The Kecksburg UFO is not the only report in the area – Pittsburgh and surrounding areas are awash in reports of the paranormal.
This weekend, local fans of the unexplained and unexplainable descended on the Westmoreland County community of Kecksburg for the annual UFO festival, 52 years after the famous unidentified flying object landed in a wooded hollow.
Two years ago, researchers theorized that the object that fell to earth on Dec. 9, 1965, was an Air Force spy satellite, and the government has always said it was an asteroid. The Kecksburg volunteer fire department sees that as no reason to stop its annual festival, and with good reason.
That unidentified flying object may have been identified, but Western Pennsylvanian UFO and monster hunters have plenty of mysteries left to consider: Allegheny County leads the state in sightings of both, according to self-reported data kept by enthusiast organizations.
You may already be aware of some of Pennsylvania’s unique “cryptids” — creatures of disputed existence. We have the Raystown Ray, the Loch Ness Monster-like creature that supposedly lives in Huntingdon’s Raystown Lake. And there was the Green Man, a real sad story of a disfigured man whose story was twisted by time and rumors into a glowing green creature who stalked the roads at night. But the more universal types of paranormal sightings proliferate here, too.
Figuring out the paranormal hot spots is tricky, because there are multiple competing hotlines for reports run by enthusiasts at either the national or local scale. But according to the National UFO Reporting Center (NUFORC) and the Bigfoot Field Researchers Organization, Allegheny leads the state in both: 315 Allegheny UFO sightings swamp Bucks County’s second place tally of 216, while nine Bigfoot sightings beat Cambria, Mercer and Clearfield’s six. Both datasets have entries going back decades and continue to accept old sightings, but their reports are mostly in the last couple of decades.
Another Bigfoot sighting database, kept by the Keystone Bigfoot Project, has Allegheny second with 43 reports to Westmoreland’s 113, but this part of the state remains the hot spot. Fayette comes in third with 36.
For both UFOs and Bigfoots, Pennsylvania as a whole trails the states where you might expect to find more monster hunters. Plenty of both are reported in Florida, while the Lynchian woods of the Pacific Northwest are apparently crawling with Bigfoots, as are the mirages and long horizons of Arizonan and Texan deserts. But the Appalachians are no slouch, particularly for Bigfoots — Ohioans and Pennsylvanians report a lot of sightings, and West Virginia and Kentucky do very well for their smaller populations.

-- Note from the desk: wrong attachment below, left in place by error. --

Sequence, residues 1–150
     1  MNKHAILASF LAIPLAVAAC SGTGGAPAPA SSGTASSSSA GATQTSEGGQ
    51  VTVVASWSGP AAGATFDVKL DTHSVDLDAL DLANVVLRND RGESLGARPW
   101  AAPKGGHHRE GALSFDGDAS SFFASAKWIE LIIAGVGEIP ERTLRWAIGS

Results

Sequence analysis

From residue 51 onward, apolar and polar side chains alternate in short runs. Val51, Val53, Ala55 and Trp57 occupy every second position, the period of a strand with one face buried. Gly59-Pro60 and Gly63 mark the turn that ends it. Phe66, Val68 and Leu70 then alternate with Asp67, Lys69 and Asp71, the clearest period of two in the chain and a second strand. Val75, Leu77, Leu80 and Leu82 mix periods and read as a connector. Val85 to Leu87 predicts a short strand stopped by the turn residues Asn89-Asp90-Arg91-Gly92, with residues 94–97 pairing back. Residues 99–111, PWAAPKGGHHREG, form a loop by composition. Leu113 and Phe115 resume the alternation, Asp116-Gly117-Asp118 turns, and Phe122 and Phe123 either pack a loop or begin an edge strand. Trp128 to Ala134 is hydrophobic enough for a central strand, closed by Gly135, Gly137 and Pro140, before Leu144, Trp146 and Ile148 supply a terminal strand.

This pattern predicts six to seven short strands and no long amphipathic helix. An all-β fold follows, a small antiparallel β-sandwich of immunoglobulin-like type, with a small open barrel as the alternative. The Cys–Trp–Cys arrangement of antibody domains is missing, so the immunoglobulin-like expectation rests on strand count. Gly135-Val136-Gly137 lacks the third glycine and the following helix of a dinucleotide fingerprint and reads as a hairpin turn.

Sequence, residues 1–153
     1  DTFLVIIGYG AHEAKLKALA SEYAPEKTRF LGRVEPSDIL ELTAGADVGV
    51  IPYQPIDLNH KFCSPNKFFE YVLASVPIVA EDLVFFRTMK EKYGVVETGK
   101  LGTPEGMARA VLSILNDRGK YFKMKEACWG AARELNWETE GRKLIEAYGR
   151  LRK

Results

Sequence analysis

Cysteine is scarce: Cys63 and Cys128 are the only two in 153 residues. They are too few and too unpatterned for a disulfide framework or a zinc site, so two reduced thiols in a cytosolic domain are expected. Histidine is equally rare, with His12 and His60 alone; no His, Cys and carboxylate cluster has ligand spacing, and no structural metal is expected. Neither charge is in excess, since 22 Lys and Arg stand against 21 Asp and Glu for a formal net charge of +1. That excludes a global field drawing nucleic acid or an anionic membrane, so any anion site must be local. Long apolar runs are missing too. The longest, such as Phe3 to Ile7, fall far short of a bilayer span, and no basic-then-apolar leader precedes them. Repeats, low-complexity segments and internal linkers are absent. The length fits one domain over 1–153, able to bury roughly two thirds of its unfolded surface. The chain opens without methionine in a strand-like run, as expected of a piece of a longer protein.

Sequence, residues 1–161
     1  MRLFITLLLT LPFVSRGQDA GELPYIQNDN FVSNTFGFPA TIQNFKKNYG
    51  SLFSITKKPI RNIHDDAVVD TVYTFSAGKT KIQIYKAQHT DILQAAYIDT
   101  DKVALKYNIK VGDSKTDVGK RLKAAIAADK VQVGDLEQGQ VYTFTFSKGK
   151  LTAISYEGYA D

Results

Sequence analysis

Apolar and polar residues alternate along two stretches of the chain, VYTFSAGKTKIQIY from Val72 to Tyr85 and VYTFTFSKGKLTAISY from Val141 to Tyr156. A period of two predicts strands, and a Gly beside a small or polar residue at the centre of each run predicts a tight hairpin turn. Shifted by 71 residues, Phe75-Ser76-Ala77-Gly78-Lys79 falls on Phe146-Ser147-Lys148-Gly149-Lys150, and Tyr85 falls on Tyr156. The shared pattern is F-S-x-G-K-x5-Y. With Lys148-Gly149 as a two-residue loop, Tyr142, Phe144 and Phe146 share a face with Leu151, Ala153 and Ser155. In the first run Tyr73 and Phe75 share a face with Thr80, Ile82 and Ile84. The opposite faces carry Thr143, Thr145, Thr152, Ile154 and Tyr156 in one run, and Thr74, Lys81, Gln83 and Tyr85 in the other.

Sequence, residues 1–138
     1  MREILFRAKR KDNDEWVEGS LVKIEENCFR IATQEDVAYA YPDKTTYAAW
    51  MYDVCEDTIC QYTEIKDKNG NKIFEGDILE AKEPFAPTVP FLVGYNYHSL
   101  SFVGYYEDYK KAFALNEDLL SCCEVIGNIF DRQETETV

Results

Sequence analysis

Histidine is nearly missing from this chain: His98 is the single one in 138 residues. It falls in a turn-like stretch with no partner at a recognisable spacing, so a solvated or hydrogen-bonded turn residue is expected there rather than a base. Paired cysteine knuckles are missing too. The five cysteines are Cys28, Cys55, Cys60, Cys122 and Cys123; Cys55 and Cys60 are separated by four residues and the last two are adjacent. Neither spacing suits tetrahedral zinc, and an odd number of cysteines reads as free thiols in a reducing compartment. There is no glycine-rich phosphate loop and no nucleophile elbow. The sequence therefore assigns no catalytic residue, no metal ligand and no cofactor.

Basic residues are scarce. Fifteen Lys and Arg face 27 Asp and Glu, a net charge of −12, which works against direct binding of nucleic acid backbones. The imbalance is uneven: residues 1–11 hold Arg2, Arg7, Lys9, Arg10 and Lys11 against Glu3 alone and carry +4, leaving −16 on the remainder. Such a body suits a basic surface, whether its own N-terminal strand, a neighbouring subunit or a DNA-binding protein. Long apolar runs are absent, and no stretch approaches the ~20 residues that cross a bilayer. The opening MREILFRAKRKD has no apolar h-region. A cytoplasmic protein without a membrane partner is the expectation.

“One of the main areas is along the Chestnut Ridge,” said Stan Gordon, a local monster hunter who says he has never had a first-hand experience but has talked to hundreds of witnesses.
He has been interested in the creatures since he was 10 and started his first organization devoted to them, the Westmoreland Research Group, in 1970.
“Chestnut Ridge stretches from West Virginia to Fayette here in Western Pennsylvania” and has been the location of sightings of UFOs, Bigfoots and other cryptids, such as thunderbirds, Mr. Gordon said.
“For years and years we’ve had reports there [of] giant birds [with] massive wingspans,” he said, noting that people find them eating roadkill.
Mr. Gordon also discussed sightings of real animals in places they would never be expected to show up — such as a black panther supposedly spotted in Bloomfield in 1983. Those might be called regionally cryptid sightings.
In Allegheny County, UFOs dominate, Mr. Gordon said.
“People think of disks” when they picture UFOs, he said, “but there’s also cigar-shaped objects, triangular objects, and in recent years, around Pittsburgh, large black rectangular objects.”
Even Mr. Gordon admits that many of the sightings are easily explained as natural or man-made.
“With UFOs, you’ve got stars, space debris, Chinese lanterns, and drones,” he said. And with Bigfoots, “bears, large dogs, even hunters in camouflage outfits.”
But he thinks some of them cannot be explained away.
“The best witnesses are people who don’t believe these things can exist. People are afraid at being laughed at for these strange reports,” he said.
Mr. Gordon was a scheduled speaker at the Kecksburg UFO Festival.
Peter Davenport, the Washington, D.C.-based director of NUFORC, said, “Our data do not suggest any hot spots, except for Horry County, South Carolina,” the home of Myrtle Beach.
NUFORC tracks sightings by town or city, not county, so it is not obvious without some analysis that Allegheny leads Pennsylvania. Pittsburgh trails Philadelphia among cities, but Allegheny as a whole has had nearly twice as many sightings reported.
Mr. Davenport agreed with Mr. Gordon that many sightings can be explained.
“For example, rocket launches or rocket booster re-entries into the atmosphere get reported,” Mr. Davenport said. “People take photographs of smoke rising off their own cigarettes and ask if it is a UFO.”
But unlike Mr. Gordon, Mr. Davenport said he has his own first-hand experiences, starting at age 6, that make him sure.
Mr. Davenport and Mr. Gordon encourage anyone sitting on a paranormal story to go ahead and submit a report. Given Allegheny County’s high ranking as a paranormal sighting center, plenty of readers may well have something to report.
Source: Pittsburgh Post-Gazette